THE CHARLES W."HOPPY" ADAMS JR. FOUNDATION
SMITHSONIAN INSTITUTE HONORS HOPPY ADAMS & MR. MORRIS BLUM
ANNOUNCES 2015 ESSAY CONTEST WINNERS !
The Charles W. "Hoppy" Adams Jr. Foundation is a 501 c(3) Non-Profit organization of the U.S. Internal Revenue Code and the laws of the State of Maryland. The Foundation was established in 2006 to promote and provide charitable, religious, scientific, literary and educational services for Youth and Adult individuals located in Annapolis, Md. and the Baltimore-Washington Metropolitan Area.
CHARLES W. ADAMS JR.
Hoppy Adams was a distinguished Radio Personality and Executive Vice President with radio station WANN located in Annapolis, Md. for over 40 years.
Hoppy Adams was more than a Radio Personality, he was an active community and behind the scene Philanthropist.
Mr. Adams was hired by Mr. Morris Blum in 1952.
The Baltimore Sun hailed Mr. Blum "as a pioneer in race relations for putting African-American personalities on the air more than five decades ago."
Mr. Blum hired African-Americans for both on air and management work at the station, which aired gospel, soul or rhythm and blues - at a time when few stations were playing African-American music.
WANN represents a significant moment in American cultural history; the rise of black-oriented broadcasting. Although blacks constituted 10 percent of the population, black interest in broadcasting on any scale, didn't begin until 1948.
That year WDIA in Memphis became the first station to go to a format with exclusively black on-air personnel. Shortly after, a handful of stations committed to black interests. WANN was one of the first half-dozen. The station went on the air in 1948, and by 1950 owner and manager Morris Blum had directed his station to the black community in Annapolis and the surrounding area.
A 1000-watt daytime station, WANN was among the pioneering stations that were central to black life in the pre-Civil Rights era. Morris Blum, a Jew who came of age in the New Deal, conceived of the station while in the service during WWII. He explicitly rejected the segregation he saw in the armed forces, especially after he saw that death did not discriminate. While he initially tried a conventional format for his station, he quickly refocused it to serve the black community. Blum's programming mixture of community service, black interest news, music, and religion developed through his dealings with African American public figuresâ€”preachers, businessmen and his own staff. Hoppy Adams, WANN's star personality, and Blum enjoyed a 30-year collaboration that reflected the interracial collaboration that was the heart of black radio in its formative years.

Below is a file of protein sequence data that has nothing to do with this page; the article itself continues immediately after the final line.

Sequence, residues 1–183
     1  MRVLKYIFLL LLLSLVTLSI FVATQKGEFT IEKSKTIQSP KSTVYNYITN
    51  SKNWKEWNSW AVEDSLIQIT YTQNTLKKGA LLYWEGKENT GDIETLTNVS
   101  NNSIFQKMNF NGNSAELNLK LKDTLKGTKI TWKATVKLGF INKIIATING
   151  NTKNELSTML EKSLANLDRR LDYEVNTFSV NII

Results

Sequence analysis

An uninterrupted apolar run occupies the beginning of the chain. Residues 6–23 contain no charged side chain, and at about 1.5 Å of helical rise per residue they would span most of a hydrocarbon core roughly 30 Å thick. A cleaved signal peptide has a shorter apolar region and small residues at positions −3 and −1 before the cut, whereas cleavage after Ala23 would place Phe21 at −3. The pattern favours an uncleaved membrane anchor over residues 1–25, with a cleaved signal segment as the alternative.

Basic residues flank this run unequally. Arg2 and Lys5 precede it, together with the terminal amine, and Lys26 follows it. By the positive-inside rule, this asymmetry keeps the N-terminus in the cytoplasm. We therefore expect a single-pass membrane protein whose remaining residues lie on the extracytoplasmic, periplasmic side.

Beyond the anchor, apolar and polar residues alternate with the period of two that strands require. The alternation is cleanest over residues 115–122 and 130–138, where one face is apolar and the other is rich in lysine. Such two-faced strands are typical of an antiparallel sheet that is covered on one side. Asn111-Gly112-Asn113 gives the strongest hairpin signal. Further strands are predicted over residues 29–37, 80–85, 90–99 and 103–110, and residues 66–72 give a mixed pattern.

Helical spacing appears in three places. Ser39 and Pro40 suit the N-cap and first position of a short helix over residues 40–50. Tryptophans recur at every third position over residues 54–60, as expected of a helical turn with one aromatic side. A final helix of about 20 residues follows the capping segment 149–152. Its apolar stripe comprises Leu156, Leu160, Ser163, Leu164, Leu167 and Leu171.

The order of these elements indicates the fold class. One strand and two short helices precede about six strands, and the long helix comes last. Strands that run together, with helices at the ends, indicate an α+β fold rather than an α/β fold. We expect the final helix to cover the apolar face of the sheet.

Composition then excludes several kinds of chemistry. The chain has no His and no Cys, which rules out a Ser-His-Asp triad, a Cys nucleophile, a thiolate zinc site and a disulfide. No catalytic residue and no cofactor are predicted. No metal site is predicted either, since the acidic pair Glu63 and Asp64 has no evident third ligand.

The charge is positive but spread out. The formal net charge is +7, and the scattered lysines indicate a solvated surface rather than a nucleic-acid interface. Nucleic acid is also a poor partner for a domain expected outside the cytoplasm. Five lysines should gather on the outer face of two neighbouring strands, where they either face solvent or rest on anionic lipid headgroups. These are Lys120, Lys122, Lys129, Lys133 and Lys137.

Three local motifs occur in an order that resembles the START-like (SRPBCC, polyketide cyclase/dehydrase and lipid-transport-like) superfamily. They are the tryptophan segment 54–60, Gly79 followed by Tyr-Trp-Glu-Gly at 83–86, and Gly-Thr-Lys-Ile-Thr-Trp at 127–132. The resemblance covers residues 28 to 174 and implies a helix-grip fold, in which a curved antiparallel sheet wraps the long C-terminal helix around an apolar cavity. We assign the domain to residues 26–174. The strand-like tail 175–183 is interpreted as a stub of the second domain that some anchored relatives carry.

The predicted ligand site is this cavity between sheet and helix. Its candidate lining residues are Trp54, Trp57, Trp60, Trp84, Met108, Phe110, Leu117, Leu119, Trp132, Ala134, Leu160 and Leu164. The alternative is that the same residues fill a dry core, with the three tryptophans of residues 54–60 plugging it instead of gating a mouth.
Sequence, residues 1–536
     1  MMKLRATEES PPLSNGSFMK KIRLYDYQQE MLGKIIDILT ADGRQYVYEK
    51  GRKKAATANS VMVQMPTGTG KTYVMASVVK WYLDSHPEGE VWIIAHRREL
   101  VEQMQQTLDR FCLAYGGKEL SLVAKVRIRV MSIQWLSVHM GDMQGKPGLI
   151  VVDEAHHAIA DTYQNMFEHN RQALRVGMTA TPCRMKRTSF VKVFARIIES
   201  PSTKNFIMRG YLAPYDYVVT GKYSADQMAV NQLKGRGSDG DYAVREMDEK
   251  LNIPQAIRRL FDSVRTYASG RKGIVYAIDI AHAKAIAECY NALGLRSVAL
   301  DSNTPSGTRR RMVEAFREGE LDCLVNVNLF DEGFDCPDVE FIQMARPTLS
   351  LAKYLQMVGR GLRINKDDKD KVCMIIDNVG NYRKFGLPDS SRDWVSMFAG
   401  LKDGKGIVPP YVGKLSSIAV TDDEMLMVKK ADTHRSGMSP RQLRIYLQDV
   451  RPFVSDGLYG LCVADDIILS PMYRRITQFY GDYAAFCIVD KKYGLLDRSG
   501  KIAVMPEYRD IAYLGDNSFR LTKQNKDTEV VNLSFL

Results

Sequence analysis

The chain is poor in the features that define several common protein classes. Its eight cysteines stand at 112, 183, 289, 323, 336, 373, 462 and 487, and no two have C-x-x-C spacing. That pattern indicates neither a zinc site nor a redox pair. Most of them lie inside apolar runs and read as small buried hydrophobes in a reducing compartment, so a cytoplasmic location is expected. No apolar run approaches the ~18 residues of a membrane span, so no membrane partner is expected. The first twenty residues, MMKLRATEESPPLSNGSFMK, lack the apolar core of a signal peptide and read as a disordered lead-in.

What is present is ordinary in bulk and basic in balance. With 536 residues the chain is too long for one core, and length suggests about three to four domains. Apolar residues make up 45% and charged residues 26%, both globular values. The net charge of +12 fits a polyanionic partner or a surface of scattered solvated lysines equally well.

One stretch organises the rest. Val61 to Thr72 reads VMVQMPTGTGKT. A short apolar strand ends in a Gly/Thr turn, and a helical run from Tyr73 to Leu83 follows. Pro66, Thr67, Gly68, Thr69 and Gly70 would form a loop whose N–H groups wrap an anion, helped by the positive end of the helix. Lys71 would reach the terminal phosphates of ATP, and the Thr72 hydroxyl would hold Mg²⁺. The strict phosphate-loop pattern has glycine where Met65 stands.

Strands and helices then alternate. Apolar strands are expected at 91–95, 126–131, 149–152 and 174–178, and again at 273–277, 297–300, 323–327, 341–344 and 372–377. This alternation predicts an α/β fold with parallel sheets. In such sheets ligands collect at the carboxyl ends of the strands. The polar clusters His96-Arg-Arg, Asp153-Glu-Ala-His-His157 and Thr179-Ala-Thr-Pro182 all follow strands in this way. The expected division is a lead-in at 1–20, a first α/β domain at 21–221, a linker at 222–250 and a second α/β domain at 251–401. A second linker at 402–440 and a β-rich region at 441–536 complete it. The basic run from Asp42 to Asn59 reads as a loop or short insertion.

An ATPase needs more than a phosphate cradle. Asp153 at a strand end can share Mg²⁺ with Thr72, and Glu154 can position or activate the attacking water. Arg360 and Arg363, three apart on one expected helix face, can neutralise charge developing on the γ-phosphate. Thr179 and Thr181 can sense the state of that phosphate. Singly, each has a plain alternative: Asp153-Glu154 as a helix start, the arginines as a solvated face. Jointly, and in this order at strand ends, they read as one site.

HometownAnnapolis.com, Top Stories - Cancer silences local radio legend Hoppy Adams
Published on: 5/31/2005 Last Visited: 5/31/2005
Mr. Adams was born in Parole in January 1926 to Ruby Loretta Queen Adams and Charles Walter "Happy" Adams Sr.
The Rev. John T. Chambers Sr. took Hoppy, whose nickname came from a bum leg, under his wing at Chambers Barber Shop, where Mr. Adams learned to cut hair.
Hannah Chambers, wife of John T. Chambers Jr., said Mr. Adams was like another brother in the family, palling around with her husband and his brother, Phillip.
Mr. Adams drove a taxicab and later started his own cab company in Annapolis.
Del Puschert, former saxophone player in the Van Dykes, and owner of Del's Barber and Styling Shop on Defense Highway, said he first met Mr. Adams when he was a cab driver in 1952 and Hoppy came to his house looking for a specific muffler.
"I gave him the one I had on my car for his taxicab," he said, laughing.
On the air
Mr. Adams started working at WANN in 1952 as well.
Mr. Adams made his career - and the careers of others - by spinning the records of rising R&B artists who would call in to his show, including Otis Redding and James Brown.
He used to catch WANN on the radio when he drove from Baltimore to Washington," Mr. Adams told The Evening Capital in 1975.
Mr. Adams was there to encourage him.
In addition to his radio show, Mr. Adams brought in African-American artists to play in Annapolis as part of the "Chitlin Circuit."
At the beach
In the 1950s and through the mid-1960s, Mr. Adams was synonymous with one place above all: Carr's Beach.
Friends said Mr. Adams wasn't shy about bringing people he knew up on stage or mentioning them on air. Mr. Adams also recognized people from Annapolis when he promoted shows on the Eastern Shore.
Mr. Adams was also the executive vice president of WANN and was elected in 1976 to the board of directors for the Maryland D.C. Delaware Broadcasters Association.
But as well known as Mr. Adams' was in his public life as a radio personality, he was also described by friends as a humble and genuine man.
Mr. Burke said he never heard Mr. Adams raise his voice in anger.
"You could call him at 3 a.m. and he always answered with a joyful tone, 'This is Hoppy,'" he said.
Friends said Mr. Adams was always quick to raise money for a good cause. He anonymously gave money to those who needed it, even helping some kids get through their first year of college.
Everyone who knew him said Mr. Adams touched their lives.